March 1944: With the Hawk at the Savoy Cafe
Sometimes, as a jazz town, Boston had it good. Such was the case in March 1944, when the king of the tenor saxophonists, Coleman Hawkins, brought his new, forward-looking, sextet to the Savoy Cafe for three weeks. This was a special band, playing at a crucial time.
Coleman Hawkins was always fascinated by new developments in jazz, and unlike many of his swing-based peers, he heard what was going on at Minton’s, and he understood it. He assembled a new band in early 1944, and he hired three of those adventurous young musicians from Minton’s: pianist Thelonius Monk, trumpeter Benny Harris, and drummer Denzil Best. This trio also handled the arranging duties. Eddie “Bass” Robinson was the bassist. And there was one more hire, another saxophonist, none other than Don Byas.
Byas was an established star, even a rival to Hawkins himself. Byas spent time with Don Redman and Andy Kirk, and took Lester Young’s place in the Basie band. Like Hawkins, he understood what Monk and Harris were doing with harmony, and like Hawkins, he gravitated to it. The tenor sound on the bandstand must have been enormous.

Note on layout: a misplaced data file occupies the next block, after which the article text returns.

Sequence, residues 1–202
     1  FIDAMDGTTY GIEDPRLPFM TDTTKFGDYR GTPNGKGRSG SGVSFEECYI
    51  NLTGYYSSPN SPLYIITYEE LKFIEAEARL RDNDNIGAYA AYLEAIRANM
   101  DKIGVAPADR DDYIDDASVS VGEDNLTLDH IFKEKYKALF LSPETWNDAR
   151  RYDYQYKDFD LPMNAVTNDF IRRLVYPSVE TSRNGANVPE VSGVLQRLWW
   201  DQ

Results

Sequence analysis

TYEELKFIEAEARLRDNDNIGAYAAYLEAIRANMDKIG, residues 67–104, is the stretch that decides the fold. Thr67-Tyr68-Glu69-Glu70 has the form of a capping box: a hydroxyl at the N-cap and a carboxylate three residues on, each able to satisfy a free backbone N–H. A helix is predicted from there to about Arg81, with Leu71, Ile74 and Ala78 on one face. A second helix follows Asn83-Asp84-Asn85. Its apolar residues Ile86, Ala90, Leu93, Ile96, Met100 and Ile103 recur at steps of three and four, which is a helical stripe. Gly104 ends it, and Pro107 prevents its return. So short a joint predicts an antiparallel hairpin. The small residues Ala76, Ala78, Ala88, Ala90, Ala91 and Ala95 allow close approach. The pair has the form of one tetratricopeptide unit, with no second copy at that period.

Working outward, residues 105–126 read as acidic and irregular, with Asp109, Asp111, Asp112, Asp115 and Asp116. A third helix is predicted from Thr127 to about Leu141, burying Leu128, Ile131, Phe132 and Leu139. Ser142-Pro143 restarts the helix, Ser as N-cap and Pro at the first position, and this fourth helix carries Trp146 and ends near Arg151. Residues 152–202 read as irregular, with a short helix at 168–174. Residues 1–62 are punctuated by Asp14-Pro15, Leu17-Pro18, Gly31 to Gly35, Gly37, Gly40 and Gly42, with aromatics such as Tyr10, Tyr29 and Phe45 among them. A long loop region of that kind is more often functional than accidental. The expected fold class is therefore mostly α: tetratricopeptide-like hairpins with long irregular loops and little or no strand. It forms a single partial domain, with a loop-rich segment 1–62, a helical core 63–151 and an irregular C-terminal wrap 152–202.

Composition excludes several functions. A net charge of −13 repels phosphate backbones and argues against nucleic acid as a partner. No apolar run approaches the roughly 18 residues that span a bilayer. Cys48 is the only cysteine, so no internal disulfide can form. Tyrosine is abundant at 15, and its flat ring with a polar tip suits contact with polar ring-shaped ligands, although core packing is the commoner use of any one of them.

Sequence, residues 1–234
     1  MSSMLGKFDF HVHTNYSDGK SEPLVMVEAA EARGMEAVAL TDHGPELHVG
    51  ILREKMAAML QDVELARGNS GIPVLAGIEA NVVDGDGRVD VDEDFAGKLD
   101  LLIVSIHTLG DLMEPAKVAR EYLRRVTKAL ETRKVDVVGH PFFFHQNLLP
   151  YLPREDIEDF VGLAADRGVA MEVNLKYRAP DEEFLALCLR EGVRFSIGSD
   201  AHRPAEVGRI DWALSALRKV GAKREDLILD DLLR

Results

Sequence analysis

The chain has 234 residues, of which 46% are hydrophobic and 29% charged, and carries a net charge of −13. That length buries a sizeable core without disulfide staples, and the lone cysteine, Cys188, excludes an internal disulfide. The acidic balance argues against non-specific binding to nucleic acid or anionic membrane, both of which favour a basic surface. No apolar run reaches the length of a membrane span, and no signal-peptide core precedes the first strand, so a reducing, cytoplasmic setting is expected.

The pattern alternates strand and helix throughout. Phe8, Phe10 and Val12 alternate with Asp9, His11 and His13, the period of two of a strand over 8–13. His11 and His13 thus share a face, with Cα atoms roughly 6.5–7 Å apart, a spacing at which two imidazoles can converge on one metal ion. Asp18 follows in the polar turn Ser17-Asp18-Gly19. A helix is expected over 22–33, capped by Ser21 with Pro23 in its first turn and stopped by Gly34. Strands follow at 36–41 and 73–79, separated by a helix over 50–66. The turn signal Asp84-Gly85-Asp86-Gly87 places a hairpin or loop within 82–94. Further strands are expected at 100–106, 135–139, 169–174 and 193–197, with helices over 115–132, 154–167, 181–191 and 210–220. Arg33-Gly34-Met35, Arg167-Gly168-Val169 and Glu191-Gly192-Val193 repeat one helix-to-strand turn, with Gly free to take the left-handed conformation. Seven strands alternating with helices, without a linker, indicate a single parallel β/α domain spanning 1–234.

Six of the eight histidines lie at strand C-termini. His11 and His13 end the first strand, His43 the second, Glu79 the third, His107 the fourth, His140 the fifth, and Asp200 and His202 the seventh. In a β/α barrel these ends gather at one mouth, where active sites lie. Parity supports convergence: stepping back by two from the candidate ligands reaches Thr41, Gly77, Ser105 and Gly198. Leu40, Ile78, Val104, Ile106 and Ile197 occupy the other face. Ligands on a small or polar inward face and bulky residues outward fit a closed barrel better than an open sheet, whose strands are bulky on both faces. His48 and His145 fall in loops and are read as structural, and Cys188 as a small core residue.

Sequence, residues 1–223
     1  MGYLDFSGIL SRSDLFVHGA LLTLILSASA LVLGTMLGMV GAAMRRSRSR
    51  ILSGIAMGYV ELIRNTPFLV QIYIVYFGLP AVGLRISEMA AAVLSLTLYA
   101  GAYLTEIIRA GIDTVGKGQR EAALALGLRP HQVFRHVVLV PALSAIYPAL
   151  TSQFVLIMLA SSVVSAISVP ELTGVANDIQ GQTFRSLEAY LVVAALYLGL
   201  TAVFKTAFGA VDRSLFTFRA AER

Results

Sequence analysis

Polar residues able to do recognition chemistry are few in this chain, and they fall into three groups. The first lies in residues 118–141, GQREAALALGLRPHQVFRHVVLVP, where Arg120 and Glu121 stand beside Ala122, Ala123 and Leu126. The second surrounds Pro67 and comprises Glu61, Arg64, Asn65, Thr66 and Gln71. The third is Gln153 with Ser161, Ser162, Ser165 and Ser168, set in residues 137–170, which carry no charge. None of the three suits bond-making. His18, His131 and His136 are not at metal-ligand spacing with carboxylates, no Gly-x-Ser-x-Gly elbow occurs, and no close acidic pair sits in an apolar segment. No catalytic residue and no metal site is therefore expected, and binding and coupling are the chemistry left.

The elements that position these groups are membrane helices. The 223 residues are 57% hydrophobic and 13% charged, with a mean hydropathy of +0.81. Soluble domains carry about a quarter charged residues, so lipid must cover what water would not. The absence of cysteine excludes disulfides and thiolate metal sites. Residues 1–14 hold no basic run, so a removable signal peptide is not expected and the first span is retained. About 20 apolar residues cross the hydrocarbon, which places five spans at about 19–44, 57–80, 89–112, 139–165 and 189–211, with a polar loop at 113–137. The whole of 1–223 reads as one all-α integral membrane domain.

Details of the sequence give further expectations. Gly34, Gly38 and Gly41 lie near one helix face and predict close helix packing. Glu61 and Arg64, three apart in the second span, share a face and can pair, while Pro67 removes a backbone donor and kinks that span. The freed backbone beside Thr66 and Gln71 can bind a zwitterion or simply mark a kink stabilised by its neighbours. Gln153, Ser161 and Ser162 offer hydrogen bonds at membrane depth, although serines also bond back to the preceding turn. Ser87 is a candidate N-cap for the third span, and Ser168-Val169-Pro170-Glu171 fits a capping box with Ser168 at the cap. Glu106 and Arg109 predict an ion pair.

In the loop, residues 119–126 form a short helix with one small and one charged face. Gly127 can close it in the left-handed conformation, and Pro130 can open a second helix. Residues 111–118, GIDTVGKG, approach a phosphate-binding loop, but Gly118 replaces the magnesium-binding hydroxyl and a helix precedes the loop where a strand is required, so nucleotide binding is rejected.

Bass Robinson stayed in New York and Selwyn Warner traveled to Toronto and Boston, but otherwise the group was intact. And only audiences in Toronto and Boston heard this band, because Byas went on his own soon after it returned to New York. By the time the group made it to the studio in October 1944, Harris was gone as well. The quartet that remained, however, cut the four sides that marked Monk’s recording debut.
Here are two of those sides, and even though they mainly showcase Hawkins, both feature a Monk solo. First is “On the Bean,” followed by “Flyin’ Hawk.”